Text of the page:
Five tips for better slug control this autumn
2nd August 2022
The lead-up to harvest has been dry, so conditions have not been conducive for slug activity across much of the country. However, things can quickly change if the weather breaks and a pattern of regular rainfall kicks in.
This means growers must prepare for action to prevent economic damage to new crops, so Farmers Guide asked Certis Belchim technical specialist Harry Raley for his top tips as oilseed rape drilling commences this month:
Prepare optimal seed beds Crop residue can provide an ideal haven for slugs, so ensure it is well managed at harvest. This is particularly important where seed is direct drilled. Removal of residue is best for slugs, but where chopping straw, set the combine up to spread residue evenly across the swath width so there are no lumps.
Prepare fine and firm seed beds for drilling, as cloddy seed beds aid slug movement across the soil surface. Where heavy soil types make it difficult, earmark these higher-risk areas for monitoring once the crop is in the ground. Rolling can help consolidate after drilling and restrict slug movement.
Research has shown that slug populations remain static in space and time, so mapping of patches could be useful in the long-term.
Monitor crops through risk period Monitoring fields ahead of drilling a new crop can be useful, but the key to reducing crop damage is watching for slug activity once the crop is drilled. Vigilance should be maintained throughout a crop’s susceptible stages. For oilseed rape, this is from drilling to the four-leaf stage and wheat from drilling to early tillering (GS21).
Once slugs are found above the economic threshold (see box), or damage to the crop is observed, a slug pellet treatment should be applied at the nearest opportunity.
Choose the appropriate pellet Once there is a need to treat, careful consideration should be paid to the pellet product used, as not all are equal. Choosing a wet processed pasta-based formulation like Sluxx HP will provide the best palatability, durability, and ballistic properties for accurate spreading.
A pellet’s chelating agent is also important, as this is the substance in ferric phosphate pellets that ensures the active substance is absorbed into the slug’s gut. Certis Belchim pellets made with Ferric Field Technology contain EDDS, which has been proven to remain effective for longer in wet conditions than the EDTA contained in other formulations.
Think about baiting points Slugs are proven random feeders. Therefore, when a particularly vulnerable crop like oilseed rape is emerging, it’s important to have a high number of baiting points on the ground. This increases the chances of the pest bumping into the pellets before the seedlings.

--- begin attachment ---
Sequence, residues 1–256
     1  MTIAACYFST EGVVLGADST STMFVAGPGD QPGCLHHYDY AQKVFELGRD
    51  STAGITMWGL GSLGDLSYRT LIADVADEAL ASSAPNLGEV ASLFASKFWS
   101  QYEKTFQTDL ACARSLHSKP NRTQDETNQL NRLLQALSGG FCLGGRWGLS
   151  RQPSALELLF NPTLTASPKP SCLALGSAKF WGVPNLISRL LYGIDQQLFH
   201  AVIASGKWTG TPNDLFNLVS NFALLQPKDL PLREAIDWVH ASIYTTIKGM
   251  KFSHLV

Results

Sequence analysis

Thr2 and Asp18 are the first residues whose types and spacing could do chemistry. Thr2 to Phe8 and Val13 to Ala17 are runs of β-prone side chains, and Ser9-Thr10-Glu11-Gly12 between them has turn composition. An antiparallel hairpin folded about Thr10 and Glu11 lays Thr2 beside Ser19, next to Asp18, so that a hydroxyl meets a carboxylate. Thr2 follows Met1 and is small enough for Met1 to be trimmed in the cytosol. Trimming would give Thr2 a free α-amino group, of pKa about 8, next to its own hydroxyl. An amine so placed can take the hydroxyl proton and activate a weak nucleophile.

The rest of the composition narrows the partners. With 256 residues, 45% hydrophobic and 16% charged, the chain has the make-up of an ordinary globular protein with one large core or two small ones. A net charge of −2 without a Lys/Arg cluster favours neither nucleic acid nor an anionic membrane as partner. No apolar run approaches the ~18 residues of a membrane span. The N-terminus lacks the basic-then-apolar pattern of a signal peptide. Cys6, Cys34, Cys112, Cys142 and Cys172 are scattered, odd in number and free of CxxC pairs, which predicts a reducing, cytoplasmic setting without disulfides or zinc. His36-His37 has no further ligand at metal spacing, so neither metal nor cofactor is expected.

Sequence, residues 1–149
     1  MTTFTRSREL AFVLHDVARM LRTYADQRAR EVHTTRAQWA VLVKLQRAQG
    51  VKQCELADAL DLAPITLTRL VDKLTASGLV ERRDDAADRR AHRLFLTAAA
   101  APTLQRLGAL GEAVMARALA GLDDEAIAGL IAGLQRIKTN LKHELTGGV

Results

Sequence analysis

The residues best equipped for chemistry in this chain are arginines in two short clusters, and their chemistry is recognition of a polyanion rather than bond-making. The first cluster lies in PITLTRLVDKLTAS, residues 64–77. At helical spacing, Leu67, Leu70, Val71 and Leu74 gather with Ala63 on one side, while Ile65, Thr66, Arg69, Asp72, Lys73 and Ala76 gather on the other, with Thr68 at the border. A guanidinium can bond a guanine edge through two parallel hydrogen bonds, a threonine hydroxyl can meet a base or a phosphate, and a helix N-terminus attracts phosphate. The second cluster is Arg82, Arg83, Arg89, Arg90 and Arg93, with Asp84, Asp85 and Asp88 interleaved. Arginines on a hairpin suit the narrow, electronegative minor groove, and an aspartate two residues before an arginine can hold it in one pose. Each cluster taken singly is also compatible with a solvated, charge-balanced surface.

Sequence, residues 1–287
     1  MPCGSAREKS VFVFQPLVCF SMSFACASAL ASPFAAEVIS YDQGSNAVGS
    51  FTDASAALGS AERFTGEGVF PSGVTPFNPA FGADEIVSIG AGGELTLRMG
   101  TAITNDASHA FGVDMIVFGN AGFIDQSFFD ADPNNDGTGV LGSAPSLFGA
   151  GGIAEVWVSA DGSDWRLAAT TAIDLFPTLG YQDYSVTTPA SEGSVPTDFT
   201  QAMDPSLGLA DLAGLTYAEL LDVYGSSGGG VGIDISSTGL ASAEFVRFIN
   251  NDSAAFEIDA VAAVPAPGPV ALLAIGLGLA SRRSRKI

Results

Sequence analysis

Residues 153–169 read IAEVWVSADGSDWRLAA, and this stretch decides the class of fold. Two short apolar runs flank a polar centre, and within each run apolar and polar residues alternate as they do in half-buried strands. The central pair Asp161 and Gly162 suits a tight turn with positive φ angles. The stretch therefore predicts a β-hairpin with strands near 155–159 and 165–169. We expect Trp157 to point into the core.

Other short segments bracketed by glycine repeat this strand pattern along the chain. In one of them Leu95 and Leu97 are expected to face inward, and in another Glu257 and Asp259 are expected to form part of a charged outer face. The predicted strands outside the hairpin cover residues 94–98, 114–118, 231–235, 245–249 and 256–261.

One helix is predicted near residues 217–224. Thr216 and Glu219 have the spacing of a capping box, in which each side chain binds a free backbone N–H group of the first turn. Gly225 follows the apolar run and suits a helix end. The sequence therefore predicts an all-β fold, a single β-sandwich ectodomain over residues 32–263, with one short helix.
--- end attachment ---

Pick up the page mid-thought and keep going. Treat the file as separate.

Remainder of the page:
The ferric phosphate mini pellet Menorexx is made with the same formulation as Sluxx HP but is smaller and provides more baiting points per kilogram. This helps stack the odds in favour of the crop when under slug pressure.
For example, Menorexx offers 67 baiting points/m2 at a 5kg/ha field rate, compared to 42/m2 at 5kg/ha of Sluxx HP. This means at an OSR plant population of 50/m2, slugs will be just over 10% more likely to bump into a pellet before the crop.
Later in the autumn, when conditions become wetter and more challenging, Sluxx HP will be the better choice, as the larger pellet will be inherently more durable.
Apply pellets accurately Unlike banned metaldehyde pellets, ferric phosphate baits are relatively environmentally benign and approved for use in organic production. However, that doesn’t mean that responsible and accurate application is no longer important. Input prices are also going up, so making the most of every application will help control costs.
Applicators should be NSTS tested by law every five years, but it is recommended that a professional test is carried out once a year ahead of the main pellet use period. Operators should also check setup and calibrate applicators regularly, particularly when switching between products, as pellets all have different ballistic properties.
To help with this, Certis Belchim offers the online Calibration Wizard tool, which provides settings for each of its products when using most applicators.
Entering the pellet and spreader type, spread width and application rate into the tool will provide operators with the correct applicator settings and forward speed for accurate application.
Brush up on your slug control and pellet application knowledge with a new BASIS Classroom Integrated Slug Control and Slug Pellet Application training module. It is worth two CPD points and can be accessed through the BASIS Classroom dashboard.